08 August 15
The Pentagon’s top contractors sent an army of more than 400 lobbyists to Capitol Hill this spring to press their case for increasing the nation’s spending on military hardware, in a massive effort costing tens of millions of dollars of their own funds from April to June alone, according to an analysis of public lobbying data by the Center for Public Integrity.
The contractors are upset in part because most military spending has been capped for the past few years under budget controls meant to rein in government debt. So far, the caps have forced a decline in main defense budgets from about $528.2 billion in fiscal 2011 to $496.1 billion in fiscal 2015, instead of a previously projected increase to roughly $598 billion. Mounting frustration with the caps was evident in the administration’s submission this year of a military budget that exceeded the limits by about $38 billion, followed by moves by both branches of Congress to add even more billions.
The caps remain the law of the land, however, and they won’t go away until Congress votes to lift them. The issue has so far been tangled up in a dispute between the parties over whether to also increase spending on social welfare programs. But several lobbyists said in interviews that they were optimistic that this could finally be the year that lawmakers agree to let defense contractors return to their historic pattern of ever-higher revenue from the federal treasury.
This could explain in part why total lobbying expenditures by the 53 top defense contractors that reported paying for such work in the second quarter of 2015 were more than 25 percent higher than the amount they spent in the same quarter of 2014 — $58.5 million instead of $45.7 million. But not all of the lobbying was related solely to military spending.
Boeing, a $100 billion corporation that makes military aircraft and other lethal hardware, as well as civilian aerospace goods, reported to the clerk of the House and the secretary of the Senate that it spent almost $13.2 million on lobbying in the first two quarters of this year. Its filing said some of this expenditure was related to expanding its “Commercial Aircraft Sales/Services” and supporting the Export-Import Bank, among other issues. The aerospace contractor’s commercial aircraft division receives billions in financing from the bank, and so it has a large stake in this year’s continuing congressional skirmish over renewing the bank’s charter.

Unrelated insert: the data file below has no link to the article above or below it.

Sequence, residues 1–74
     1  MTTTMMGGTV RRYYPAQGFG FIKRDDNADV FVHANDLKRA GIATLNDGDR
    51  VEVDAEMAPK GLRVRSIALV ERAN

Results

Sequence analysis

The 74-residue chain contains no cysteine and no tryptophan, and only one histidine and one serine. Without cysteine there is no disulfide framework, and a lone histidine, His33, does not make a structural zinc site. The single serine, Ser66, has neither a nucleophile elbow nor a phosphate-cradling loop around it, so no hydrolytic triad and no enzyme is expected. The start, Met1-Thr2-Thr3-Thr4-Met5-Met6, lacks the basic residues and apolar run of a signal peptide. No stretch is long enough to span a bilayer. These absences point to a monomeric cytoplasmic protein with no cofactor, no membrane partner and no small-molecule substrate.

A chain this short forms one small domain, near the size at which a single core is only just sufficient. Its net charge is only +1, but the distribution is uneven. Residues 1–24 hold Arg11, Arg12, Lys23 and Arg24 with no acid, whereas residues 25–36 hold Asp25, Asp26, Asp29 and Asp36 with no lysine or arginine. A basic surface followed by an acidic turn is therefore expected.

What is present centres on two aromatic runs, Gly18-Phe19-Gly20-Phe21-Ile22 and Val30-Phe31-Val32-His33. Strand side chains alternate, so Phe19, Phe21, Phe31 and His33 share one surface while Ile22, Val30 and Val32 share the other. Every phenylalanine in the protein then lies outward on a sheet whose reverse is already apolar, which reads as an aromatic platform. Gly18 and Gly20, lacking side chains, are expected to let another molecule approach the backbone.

Gayla Keller, a Boeing communications director, declined to comment specifically on their lobbying activities in an emailed response to questions.
Parsing the lobbying reports to sort out just the defense-related expenditures for these contractors is not easy, because the lobbying reporting requirements have some ambiguity baked into them. Lobbying expenses are only reported on an overall basis for an organization, and aren’t tied to specific issues or associated with the agencies that lobbyists target. And for some of the top defense contractors, the Pentagon is only one of many customers, albeit an outsized one.
Still, 40 of the 53 top contractors that lobbied during the last quarter reported that one target of their efforts was the National Defense Authorization Act, the main legislation authorizing defense spending each year. Some of these firms — including Boeing, General Dynamics, Northrop Grumman, and Raytheon — said that their efforts were aimed at budget controls.
General Electric — which makes washing machines and light bulbs and has a major healthcare division — lobbied on the Export-Import Bank, Medicare, passenger and freight train safety and natural gas production, according to its latest disclosure. It also lobbied on several defense weapons programs, including the B-1 Bomber, the CH-53K Super Stallion helicopter, the F-18 Fighter and the F-35 Joint Strike Fighter.
General Electric responded to the Center’s requests for comment with an emailed statement that its “[e]mployees educate officials on our Company’s operations, emerging technologies and markets, as well as on our views on public policy issues.”